The Great Migration: Transitioning Clients Into Recurring Revenue

How do you get your current clients who are paying you nothing, to start paying you something to maintain and care for their website? 

In full honesty, I figured this all out through frustration.

I was tired of not having control of my time and constantly having to ask “which clients am I working with this month?”

I wanted to know who “my clients” really were; who valued my services enough to keep me as their webmaster on a monthly basis.

Many people think that their clients won’t pay, so they don’t reach out. Through coaching other website consultants, I've found that, in fact, it’s your current clients that know you, trust you and value your work. The majority of your existing clients are more willing to pay for a service you provide over a new client you have no track record with.

In this post, you'll discover the step-by-step process to migrating your current clients to recurring revenue (and recurring value for them).

So, how do we do transition current clients into recurring revenue? With 9 Simple Steps!

There are 9 simple steps I outline below that make up a workflow to transitioning past clients. It’s a simple step-by-step process that you can apply to any monthly recurring service: website care plans, monthly social media services, SEO services, IT services, you name it.


This might seem obvious, but you have to put your offer in front of people in order for them to buy it. Establish your monthly recurring revenue service with an online sales page. Here's an example sales page for website care plans you can model (try to avoid the temptation to rip it off completely).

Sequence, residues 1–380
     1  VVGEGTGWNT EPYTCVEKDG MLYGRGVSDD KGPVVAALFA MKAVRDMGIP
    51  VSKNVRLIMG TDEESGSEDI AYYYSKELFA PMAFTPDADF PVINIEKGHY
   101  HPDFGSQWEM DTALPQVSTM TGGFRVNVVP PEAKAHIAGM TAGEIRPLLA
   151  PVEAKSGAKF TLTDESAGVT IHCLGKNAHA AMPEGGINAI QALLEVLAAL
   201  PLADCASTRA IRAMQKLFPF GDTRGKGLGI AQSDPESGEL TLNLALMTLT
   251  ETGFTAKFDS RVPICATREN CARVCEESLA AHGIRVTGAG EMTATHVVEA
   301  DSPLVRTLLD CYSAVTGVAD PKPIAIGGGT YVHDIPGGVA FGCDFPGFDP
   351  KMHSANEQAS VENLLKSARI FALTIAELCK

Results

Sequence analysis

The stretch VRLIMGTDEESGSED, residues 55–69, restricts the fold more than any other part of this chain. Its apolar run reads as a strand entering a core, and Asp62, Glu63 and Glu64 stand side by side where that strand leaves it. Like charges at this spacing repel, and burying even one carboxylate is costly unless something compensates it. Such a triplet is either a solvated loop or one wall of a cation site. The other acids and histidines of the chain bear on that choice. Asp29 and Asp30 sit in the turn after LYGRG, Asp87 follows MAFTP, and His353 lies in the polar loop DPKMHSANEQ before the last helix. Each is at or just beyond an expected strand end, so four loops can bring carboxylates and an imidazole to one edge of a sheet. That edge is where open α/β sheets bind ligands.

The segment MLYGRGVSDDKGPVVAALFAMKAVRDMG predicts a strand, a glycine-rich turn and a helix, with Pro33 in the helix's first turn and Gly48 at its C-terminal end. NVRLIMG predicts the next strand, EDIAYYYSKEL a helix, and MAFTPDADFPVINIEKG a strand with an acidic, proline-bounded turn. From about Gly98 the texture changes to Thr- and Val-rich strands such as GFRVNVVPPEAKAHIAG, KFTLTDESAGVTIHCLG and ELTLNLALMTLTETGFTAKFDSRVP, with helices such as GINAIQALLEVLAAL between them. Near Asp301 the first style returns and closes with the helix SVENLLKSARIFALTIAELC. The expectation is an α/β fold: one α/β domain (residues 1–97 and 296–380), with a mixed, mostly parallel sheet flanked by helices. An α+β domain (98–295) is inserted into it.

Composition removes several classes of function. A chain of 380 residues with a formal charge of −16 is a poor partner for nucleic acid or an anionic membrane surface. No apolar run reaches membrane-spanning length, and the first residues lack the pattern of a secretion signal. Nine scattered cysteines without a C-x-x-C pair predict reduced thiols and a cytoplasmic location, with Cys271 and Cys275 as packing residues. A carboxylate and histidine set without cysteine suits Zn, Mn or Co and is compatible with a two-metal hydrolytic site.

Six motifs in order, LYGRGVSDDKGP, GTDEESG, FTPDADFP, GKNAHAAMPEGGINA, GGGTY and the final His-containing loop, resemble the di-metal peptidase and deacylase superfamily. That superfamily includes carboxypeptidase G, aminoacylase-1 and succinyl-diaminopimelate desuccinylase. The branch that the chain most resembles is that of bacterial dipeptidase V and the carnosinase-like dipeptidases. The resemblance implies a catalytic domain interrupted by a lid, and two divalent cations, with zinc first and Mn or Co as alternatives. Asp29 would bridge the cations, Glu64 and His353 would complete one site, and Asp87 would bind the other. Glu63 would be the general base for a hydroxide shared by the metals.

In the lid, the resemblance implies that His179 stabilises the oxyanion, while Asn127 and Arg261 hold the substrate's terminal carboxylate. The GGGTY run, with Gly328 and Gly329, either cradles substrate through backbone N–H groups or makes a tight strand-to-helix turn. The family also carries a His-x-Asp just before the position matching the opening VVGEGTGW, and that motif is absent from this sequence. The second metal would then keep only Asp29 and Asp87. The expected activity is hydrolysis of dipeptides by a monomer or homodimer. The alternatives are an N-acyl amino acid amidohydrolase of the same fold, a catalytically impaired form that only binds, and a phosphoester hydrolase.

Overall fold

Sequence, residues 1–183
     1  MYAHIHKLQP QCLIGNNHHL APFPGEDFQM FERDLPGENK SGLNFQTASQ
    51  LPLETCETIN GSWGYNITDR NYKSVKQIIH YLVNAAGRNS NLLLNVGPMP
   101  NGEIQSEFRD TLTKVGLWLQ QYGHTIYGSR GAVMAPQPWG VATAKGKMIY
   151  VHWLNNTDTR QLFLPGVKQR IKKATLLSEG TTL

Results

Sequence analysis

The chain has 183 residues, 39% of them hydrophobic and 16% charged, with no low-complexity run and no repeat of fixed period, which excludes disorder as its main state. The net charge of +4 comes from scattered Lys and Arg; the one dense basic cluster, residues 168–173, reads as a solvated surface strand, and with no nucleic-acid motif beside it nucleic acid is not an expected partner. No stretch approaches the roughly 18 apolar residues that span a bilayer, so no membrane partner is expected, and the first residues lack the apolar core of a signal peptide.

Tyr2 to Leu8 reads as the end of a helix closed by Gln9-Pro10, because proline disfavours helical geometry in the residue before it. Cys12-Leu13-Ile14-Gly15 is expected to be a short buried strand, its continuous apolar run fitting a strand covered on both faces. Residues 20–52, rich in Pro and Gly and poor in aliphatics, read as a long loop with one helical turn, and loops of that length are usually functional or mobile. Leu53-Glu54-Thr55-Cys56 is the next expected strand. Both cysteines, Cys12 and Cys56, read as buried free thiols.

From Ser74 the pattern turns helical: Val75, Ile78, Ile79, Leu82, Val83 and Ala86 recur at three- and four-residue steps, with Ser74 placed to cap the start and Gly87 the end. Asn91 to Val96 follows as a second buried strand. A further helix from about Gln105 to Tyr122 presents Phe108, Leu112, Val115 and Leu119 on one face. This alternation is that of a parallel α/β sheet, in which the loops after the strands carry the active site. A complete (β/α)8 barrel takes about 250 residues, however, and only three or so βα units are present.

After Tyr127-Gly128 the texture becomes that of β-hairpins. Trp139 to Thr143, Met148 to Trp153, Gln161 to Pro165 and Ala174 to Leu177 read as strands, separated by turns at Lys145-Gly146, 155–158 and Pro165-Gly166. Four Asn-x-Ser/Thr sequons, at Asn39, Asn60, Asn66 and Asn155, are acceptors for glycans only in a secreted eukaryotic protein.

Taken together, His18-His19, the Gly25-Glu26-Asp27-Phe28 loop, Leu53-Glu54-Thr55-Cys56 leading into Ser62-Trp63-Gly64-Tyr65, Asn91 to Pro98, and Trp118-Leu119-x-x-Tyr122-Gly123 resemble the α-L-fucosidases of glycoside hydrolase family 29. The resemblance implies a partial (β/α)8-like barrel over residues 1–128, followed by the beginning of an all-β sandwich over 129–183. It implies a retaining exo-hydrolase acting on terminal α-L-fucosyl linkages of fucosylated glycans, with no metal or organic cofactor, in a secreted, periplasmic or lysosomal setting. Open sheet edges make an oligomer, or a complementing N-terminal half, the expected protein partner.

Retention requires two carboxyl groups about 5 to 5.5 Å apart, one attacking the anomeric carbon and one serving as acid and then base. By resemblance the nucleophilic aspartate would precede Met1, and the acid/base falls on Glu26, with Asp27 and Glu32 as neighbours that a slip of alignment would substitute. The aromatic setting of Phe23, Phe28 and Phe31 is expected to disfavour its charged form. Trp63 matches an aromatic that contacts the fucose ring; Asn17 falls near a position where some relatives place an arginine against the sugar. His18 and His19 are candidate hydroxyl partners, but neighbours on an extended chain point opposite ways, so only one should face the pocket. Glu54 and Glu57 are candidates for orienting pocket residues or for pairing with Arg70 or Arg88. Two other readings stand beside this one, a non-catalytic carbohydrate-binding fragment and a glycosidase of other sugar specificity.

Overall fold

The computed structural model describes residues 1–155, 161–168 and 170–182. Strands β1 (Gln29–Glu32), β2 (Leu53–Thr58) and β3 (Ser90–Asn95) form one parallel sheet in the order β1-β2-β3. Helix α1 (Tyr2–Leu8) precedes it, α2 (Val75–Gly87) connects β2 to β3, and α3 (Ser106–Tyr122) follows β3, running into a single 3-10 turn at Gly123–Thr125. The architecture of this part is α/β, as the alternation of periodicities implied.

wordpress maintenance plan


Get your checkout ducks in a row. I recommend WooCommerce Subscriptions and Stripe for providing subscription products that charge the client automatically every month. This reduces your admin overhead and prevents any awkward debt collection phone calls.


Write a blog post to establish a reason for this change in your business model. Maybe it’s a business anniversary, you’ve expanded your team, there’s been an uptick in new security threats, you’ve secured some shiny new tools or Google has updated their algorithm (this is a particularly good reason). Here's an example blog post to make the case for periodic website maintenance to inspire you to create your own.


Draft an email to your past and current clients about the new service with a link to your “reason for the change” blog post. Make sure there is a clear call to action about the step you want them to take (i.e. reply back, schedule a call, click link to purchase).

In fact, if you show us some love on social, you can download our example template to use right now.

Download an example email you can use here (again please avoid the temptation to use it word for word).


Make sure you are sending from a service that allows you to track the opens and clicks of the email. I recommend sending from MailChimp and using the merge tag to insert their name at the top of the email, i.e.“Hi Bob,”. These tools give you data on who opens and expresses interest in your new service.



Data is no good on its own. It must drive action, so review tracking statistics for those who opened the email and who clicked on the link. Segment out that group for the next step.